Essay on Frida Kahlo: A Mexican Surrealist Artist

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Frida Kahlo: A Mexican Surrealist Artist

Frida Kahlo was a Mexican artist, famous for her self-reflective, Surrealist paintings. She was born in 1907 and died from pneumonia and other complications in 1954 at the mere age of forty-seven. Frida was the daughter of Guillermo Kahlo, a Hungarian Jew and notable Mexican photographer, and Matilde Calderon, who was of Spanish and Indian descent (Taschen, 7). Although Guillermo had two daughters from a previous marriage, Frida was the first daughter to be born to he and his second wife, Matilde.

Frida's mother became pregnant again very soon after Frida's birth and was therefore unable to nurse Frida. Because of this, Frida had a wet nurse and never felt truly connected to her mother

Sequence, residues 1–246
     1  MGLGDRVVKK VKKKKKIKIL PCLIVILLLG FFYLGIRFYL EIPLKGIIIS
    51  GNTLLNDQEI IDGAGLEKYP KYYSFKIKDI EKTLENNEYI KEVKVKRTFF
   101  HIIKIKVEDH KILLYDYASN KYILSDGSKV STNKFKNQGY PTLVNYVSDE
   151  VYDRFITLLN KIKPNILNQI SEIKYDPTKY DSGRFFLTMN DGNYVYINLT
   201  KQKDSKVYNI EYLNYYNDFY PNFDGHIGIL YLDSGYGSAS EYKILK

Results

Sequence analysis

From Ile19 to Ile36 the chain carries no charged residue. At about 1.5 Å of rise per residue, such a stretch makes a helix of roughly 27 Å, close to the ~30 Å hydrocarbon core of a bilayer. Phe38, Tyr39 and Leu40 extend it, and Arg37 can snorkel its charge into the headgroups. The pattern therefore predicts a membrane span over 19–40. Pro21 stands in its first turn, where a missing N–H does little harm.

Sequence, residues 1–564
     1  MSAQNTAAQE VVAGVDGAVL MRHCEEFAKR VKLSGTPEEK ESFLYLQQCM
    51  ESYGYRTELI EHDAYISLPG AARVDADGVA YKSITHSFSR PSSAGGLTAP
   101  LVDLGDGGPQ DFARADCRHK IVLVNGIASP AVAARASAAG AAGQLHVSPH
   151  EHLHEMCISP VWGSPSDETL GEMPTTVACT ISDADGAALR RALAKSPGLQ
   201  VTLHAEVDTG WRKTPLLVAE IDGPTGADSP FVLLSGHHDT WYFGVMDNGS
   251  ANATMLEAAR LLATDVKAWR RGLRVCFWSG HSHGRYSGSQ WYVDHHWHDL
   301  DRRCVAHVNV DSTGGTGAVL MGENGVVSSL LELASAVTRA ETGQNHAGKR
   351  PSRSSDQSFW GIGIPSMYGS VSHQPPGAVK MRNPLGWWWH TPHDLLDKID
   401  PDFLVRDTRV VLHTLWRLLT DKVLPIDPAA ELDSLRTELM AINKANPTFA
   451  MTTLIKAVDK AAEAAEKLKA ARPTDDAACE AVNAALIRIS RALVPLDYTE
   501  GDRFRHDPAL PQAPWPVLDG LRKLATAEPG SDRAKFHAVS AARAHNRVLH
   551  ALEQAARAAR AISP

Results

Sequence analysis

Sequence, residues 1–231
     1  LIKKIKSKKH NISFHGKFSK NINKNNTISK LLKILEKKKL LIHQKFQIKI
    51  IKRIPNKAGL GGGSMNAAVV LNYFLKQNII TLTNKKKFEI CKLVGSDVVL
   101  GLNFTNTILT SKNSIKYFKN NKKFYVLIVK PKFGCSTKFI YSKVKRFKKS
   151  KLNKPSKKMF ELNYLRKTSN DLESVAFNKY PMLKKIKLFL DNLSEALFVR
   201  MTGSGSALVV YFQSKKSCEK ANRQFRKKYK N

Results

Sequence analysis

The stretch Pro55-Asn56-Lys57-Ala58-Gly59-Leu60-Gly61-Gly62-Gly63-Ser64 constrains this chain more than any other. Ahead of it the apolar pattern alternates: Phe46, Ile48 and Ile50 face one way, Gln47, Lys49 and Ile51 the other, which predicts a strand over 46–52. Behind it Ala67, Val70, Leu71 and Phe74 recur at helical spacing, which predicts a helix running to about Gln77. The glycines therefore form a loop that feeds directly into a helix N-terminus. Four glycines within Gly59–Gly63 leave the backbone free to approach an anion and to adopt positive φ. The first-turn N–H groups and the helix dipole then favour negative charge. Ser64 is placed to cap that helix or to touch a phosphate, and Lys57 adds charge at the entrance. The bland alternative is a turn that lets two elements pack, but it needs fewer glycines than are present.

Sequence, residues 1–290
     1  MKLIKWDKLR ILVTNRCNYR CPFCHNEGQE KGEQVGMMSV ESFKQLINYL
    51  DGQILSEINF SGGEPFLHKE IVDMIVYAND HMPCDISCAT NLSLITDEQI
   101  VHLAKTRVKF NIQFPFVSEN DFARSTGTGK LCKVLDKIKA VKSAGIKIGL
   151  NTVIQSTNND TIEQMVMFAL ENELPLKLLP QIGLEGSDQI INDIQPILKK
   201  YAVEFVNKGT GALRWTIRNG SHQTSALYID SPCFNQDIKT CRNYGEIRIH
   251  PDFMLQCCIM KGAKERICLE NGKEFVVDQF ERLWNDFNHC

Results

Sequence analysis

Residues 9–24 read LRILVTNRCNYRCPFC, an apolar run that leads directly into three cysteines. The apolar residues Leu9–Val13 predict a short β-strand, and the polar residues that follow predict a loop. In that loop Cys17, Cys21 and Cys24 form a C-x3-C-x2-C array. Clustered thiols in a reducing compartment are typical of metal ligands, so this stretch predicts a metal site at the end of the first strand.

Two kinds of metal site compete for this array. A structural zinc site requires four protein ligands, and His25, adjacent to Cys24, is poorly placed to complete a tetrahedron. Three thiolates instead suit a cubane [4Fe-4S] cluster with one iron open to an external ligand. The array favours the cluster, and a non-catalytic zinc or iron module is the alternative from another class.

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Her talents were quickly recognized there, and Frida was well accepted by the other students. She was dating a young man named Alejandro Gomez Arias whom she met at school (Herrera, 32). Then, on September 17, 1925, as Frida and Alejandro were traveling home from school together on the bus, the course of Frida's life changed forever (Taschen, 17). The bus they were riding in collided with a trolley car, seriously injuring Frida and many others. [See] During the accident, a metal rod punctured Frida's abdomen. In addition, her spinal column, pelvis, collarbone, right leg and foot, left shoulder and two ribs were all damaged in some way (Herrera, 34). Although Frida's body eventually healed, she suffered many illnesses, discomforts and disappointments later in life as a result. This accident is what many feel made Frida into the artist she is remembered as today.

Frida became a member of the Mexican communist Party in 1928 and remained politically active throughout her entire life. In fact, Frida identified so heavily with the Mexican Revolution that she changed the year of her birth to 1910, the year the revolution began (Herrera, 7). Then, at the age of twenty-two, Frida married the famous Mexican muralist, Diego Rivera (Taschen, 93). Together, they fought for the ideas of Marxism and enjoyed shaping one another's art. Following a long series of mutual affairs, Frida and Diego divorced ten years after their marriage, only

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